Let me start by saying I don’t just love the combination of chocolate and peanut butter, I love it. I mean it’s probably not advisable to rely on it alone for sustenance, but I’d offer to in the name of health or science or whatever.
Fortunately (or maybe even unfortunately in some ways), Food Network Magazine‘s June 2011 issue offers one such satisfying and addicting chocolate and peanut butter treat I could easily begin my experiment with (or maybe that’s just the sugar high talking).
In its “On the Road” section, the magazine celebrates four iconic boardwalk treats on the East and West Coasts, but the one that obviously got my attention was the Chocolate-Peanut Butter Fudge from Steel’s Fudge, a mainstay on the Atlantic City boardwalk (since long before MTV’s “Jersey Shore” cast arrived).
Howard Steel and his wife, Elizabeth, turned fudge into a summer staple, starting their sweet business on the shore in 1919. Steel’s is still in the family, managed by grandson George, making it, according to the magazine, “one of the oldest family-owned businesses anywhere.”
While some flavors, like Tutti-Frutti, have come and gone, the Chocolate-Peanut Butter has long been a popular choice–and after making it this week, I can certainly understand why. Though Steel’s isn’t dishing on its best-selling recipe, the Food Network Kitchens provided an oh-so-worthy substitute.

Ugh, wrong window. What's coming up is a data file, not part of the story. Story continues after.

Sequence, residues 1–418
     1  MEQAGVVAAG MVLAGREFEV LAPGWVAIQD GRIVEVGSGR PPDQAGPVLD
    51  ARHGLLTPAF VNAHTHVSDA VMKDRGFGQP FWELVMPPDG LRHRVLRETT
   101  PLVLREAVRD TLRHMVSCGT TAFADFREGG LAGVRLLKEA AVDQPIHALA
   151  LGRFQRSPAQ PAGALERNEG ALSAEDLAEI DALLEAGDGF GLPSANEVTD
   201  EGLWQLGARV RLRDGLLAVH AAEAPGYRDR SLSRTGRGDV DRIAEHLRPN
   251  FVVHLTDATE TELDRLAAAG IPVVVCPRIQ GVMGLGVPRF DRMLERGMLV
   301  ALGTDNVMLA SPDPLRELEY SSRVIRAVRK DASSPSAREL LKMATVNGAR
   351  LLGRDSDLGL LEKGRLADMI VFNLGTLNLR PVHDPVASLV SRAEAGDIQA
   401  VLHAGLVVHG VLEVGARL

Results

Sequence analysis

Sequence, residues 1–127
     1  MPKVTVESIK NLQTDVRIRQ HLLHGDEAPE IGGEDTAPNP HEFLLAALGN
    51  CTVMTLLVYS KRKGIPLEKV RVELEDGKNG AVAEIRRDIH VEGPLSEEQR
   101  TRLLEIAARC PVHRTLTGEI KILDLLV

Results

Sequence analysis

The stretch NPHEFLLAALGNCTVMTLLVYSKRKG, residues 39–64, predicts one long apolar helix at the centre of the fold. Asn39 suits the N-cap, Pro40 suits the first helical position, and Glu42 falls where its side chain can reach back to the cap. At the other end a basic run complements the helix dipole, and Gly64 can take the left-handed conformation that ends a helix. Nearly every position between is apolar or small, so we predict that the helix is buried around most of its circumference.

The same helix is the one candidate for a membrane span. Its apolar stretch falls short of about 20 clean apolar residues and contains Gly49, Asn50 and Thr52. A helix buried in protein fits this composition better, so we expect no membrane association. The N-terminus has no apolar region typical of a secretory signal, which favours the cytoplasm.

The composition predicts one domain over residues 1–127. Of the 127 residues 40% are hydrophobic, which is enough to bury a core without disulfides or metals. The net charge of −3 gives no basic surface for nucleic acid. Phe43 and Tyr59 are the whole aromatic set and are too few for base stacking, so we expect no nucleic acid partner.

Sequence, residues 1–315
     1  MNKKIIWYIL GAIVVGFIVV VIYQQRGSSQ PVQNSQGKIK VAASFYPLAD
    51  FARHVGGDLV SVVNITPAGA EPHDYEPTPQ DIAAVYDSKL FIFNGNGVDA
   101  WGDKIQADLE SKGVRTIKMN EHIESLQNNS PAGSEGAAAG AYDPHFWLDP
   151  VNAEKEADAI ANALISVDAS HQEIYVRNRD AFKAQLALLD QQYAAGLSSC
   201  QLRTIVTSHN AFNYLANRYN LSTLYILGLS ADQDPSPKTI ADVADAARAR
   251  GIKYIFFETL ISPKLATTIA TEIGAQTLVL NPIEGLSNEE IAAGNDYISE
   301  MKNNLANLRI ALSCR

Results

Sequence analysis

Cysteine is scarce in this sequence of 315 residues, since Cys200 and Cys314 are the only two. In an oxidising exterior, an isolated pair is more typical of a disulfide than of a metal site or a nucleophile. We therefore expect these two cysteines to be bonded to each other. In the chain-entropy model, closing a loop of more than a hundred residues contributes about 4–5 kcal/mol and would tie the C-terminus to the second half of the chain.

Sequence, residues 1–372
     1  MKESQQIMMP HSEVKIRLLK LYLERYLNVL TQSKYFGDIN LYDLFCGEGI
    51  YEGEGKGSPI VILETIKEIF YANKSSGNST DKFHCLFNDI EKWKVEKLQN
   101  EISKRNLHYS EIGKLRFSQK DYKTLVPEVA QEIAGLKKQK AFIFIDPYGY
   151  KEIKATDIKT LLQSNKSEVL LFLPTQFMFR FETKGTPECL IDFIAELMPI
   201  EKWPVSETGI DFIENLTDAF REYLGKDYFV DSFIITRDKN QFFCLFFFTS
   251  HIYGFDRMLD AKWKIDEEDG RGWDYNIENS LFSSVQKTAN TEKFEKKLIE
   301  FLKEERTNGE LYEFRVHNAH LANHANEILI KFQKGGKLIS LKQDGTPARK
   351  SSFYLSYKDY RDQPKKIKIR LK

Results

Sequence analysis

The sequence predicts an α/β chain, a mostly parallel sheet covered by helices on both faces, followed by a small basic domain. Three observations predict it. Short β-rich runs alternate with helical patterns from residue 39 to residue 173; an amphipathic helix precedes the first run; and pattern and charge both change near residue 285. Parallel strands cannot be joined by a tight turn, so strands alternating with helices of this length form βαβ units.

It may just be a little too easy–not that there’s anything wrong with that. Basically, you just need two saucepans to melt peanut butter chips and bittersweet chocolate chips (along with sweetened condensed milk and a pinch of salt) in each. Then the melted peanut butter and chocolate are alternately spooned into a foil-lined pan. The glorious mixture is pressed together using a piece of parchment paper brushed with butter, then refrigerated until firm.
I cut mine into smaller squares, thinking I might extend the shelf life of the small portion I enjoyed at home. (The rest I shared with my co-workers, who devoured them quickly.) They didn’t last quite as long as I’d hoped–but alas, they never do. And that leaves me no choice really but to make them again and soon. For survival’s sake, of course.